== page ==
Let’s begin with the tax rate of 70%. This was clearly way too high and it did likely prevent investment and job growth which may have actually lead to lower government tax receipts. The same was true when Kennedy lowered the top tax rate from 90% to 70%. But where does it stop? 36%? 28%? 1%? Clearly there must be a mark where revenues do not continue to rise with a tax cut. Economic 101 teaches us this.

Let’s take a look at the Regan tax cuts a little more deeply to see there true overall impact.

The numbers are quite simple from the Conservative point of view.  Tax revenues nearly doubled in Reagan’s two terms!  Tax cuts equal higher revenues!

GDP_historical

This is not lie.  They did nearly double, but before you start adding up numbers, you must remove some factors from the equation starting with inflation.  When Reagan came into office January 20, 1981 the government had collected 517.1 billion dollars in receipts in the previous fiscal year (1988).   This number and all the numbers below are in today’s dollars, otherwise inflation is included.  When he left office on January 20, 1989 the government had collected 909.2 billion dollars in tax receipts in the fiscal year 1988.  Not quite doubling, but tax revenue increased 392.1 billion dollars or about 76%.

Let’s use an example to show how easily inflation effects tax revenue.  Inflation from 1981-1989 was about 4.67%.  For example if there was $100 in tax receipts in 1981 at an inflation rate of 4.67% would result in tax receipts of about $144 by year 1989.  A 44% increase!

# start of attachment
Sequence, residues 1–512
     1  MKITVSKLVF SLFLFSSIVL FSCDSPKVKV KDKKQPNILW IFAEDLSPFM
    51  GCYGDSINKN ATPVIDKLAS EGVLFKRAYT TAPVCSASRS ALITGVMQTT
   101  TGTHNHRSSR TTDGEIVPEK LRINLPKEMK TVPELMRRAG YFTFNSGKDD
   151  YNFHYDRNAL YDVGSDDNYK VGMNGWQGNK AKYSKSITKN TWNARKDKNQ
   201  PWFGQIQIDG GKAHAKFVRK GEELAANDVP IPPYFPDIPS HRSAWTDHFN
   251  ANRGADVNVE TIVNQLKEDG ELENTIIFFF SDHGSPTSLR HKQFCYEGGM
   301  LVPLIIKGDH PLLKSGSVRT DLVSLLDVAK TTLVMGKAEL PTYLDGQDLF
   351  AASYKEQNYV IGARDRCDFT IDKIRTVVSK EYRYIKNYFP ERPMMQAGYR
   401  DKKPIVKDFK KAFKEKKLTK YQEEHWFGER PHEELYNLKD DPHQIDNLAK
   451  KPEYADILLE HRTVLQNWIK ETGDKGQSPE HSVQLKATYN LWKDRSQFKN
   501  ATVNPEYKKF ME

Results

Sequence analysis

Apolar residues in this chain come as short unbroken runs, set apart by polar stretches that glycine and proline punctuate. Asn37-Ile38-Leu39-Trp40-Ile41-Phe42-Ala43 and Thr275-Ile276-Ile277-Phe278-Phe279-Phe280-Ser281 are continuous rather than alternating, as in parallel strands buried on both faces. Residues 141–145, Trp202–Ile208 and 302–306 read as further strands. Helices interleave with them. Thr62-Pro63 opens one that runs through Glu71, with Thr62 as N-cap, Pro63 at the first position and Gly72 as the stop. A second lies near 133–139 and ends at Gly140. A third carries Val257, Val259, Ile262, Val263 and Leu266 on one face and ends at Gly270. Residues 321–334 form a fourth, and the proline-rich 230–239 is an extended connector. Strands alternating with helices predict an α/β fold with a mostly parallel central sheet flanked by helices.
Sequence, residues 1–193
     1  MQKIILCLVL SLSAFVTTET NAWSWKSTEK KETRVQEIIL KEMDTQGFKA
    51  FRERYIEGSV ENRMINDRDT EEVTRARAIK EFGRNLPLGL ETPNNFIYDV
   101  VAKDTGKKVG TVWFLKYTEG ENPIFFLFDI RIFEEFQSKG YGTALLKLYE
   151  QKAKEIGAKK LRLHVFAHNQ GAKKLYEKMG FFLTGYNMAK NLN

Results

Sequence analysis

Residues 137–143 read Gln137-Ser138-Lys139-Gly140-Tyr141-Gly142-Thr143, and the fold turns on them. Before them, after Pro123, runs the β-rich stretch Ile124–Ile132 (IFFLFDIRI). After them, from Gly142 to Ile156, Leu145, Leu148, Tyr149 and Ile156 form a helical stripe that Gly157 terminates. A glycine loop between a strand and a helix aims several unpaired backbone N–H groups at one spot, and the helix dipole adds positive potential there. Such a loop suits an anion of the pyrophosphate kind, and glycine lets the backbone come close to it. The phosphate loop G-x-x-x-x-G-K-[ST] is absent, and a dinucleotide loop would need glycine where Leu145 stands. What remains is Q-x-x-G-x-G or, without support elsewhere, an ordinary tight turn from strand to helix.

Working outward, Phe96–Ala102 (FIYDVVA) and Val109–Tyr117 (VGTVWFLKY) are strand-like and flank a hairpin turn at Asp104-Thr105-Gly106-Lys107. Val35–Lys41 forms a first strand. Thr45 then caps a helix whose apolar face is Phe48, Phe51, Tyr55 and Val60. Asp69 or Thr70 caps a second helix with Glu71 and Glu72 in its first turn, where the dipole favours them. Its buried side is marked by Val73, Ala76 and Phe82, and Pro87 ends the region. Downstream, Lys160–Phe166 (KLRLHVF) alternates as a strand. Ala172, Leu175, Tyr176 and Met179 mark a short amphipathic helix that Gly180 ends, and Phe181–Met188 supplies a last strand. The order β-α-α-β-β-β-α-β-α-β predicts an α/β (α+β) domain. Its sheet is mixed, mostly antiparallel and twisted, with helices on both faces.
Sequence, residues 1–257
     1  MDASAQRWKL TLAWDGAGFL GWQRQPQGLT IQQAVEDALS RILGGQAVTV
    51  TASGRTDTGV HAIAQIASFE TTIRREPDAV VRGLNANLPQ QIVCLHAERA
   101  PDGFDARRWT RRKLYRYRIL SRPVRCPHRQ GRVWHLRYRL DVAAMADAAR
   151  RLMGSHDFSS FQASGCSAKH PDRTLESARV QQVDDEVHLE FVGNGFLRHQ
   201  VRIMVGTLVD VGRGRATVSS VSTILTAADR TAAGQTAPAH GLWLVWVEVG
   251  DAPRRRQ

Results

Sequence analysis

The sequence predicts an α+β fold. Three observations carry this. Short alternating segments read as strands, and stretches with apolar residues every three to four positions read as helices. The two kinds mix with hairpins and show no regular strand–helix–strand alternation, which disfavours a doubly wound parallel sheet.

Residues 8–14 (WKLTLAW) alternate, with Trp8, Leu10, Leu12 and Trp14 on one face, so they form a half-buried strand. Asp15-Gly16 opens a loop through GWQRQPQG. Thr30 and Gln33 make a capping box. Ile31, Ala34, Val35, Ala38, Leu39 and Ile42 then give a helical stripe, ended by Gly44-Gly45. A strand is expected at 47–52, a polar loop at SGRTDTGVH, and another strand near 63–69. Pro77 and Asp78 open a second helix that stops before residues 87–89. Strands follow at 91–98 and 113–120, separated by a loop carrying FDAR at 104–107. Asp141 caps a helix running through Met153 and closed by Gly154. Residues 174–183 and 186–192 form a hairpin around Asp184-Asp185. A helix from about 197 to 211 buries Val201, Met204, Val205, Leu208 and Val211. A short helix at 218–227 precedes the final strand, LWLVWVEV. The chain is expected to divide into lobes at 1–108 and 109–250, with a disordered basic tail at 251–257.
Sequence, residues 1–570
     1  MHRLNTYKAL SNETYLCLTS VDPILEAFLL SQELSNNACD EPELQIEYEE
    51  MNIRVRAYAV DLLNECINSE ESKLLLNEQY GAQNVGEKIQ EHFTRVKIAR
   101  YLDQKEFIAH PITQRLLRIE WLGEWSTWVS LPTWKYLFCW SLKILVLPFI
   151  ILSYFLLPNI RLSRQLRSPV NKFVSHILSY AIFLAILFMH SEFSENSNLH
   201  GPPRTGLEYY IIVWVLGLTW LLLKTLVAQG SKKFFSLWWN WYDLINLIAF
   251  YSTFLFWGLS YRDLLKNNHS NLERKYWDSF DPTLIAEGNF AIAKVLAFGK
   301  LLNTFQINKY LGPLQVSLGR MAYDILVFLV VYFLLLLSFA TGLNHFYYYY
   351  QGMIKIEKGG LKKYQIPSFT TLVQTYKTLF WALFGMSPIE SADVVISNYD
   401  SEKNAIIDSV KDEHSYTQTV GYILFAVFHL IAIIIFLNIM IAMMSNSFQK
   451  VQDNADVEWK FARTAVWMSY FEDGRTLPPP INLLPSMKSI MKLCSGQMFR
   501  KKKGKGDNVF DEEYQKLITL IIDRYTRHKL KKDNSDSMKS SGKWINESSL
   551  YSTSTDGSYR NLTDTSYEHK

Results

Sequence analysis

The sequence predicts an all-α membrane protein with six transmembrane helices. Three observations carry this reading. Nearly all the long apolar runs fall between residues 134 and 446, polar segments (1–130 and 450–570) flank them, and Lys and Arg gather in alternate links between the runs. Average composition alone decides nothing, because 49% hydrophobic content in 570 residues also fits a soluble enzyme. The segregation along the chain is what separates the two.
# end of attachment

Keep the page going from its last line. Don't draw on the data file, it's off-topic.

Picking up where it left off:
So when adjusted for inflation nearly one quarter of the argument is gone.  More importantly is the point that tax receipts go up nearly every year and have nearly double every decade since the Great Depression.   This is due to the fact that the population increases and thus there are more people working and thus more taxes collected every year.

Here are the numbers according to the White House OMB
Year Receipts (In Current Dollars – Billions)
1940 6.5
1941 8.7
1942 14.6
1943 24.0
1944 43.7
1945 45.2
1946 39.3
1947 38.5
1948 41.6
1949 39.4

1950 39.4
1951 51.6
1952 66.2
1953 69.6
1954 69.7
1955 65.5
1956 74.6
1957 80.0
1958 79.6
1959 79.2

1960 92.5
1961 94.4
1962 99.7
1963 106.6
1964 112.6
1965 116.8
1966 130.8
1967 148.8
1968 153.0
1969 186.9

1970 192.8
1971 187.1
1972 207.3
1973 230.8
1974 263.2
1975 279.1
1976 298.1
TQ 81.2
1977 355.6
1978 399.6
1979 463.3

1980 517.1
1981 599.3
1982 617.8
1983 600.6
1984 666.4
1985 734.0
1986 769.2
1987 854.3
1988 909.2
1989 991.1

1990 1,032.0
1991 1,055.0
1992 1,091.2
1993 1,154.3
1994 1,258.6
1995 1,351.8
1996 1,453.1
1997 1,579.2
1998 1,721.7
1999 1,827.5

2000 2,025.2
2001 1,991.1
2002 1,853.1
2003 1,782.3
2004 1,880.1
2005 2,153.6
2006 2,406.9
2007 2,568.0
2008 2,524.0
2009 2,105.0
2010 2,162.7

The next issue that Conservatives do not mention in their arrangement is the fact that many other taxes were raised in the eighties by Ronald Reagan.  The reference to the doubling of revenues under Ronald Reagan includes all tax revenues, of course including Social Security.  In 1977, the 95th Congress and Democratic President Jimmy Carter passed a law increasing the taxable maximum faster than average wage levels in 1979, 1980, and 1981.  In 1983 Social Security reform saw it raised even further.  The FICA rate went from 6.13% in 1980to 7.51% in 1988.  The fact that Ronald Regan actually raised taxes many times, including the gas tax and a large corporate tax increase.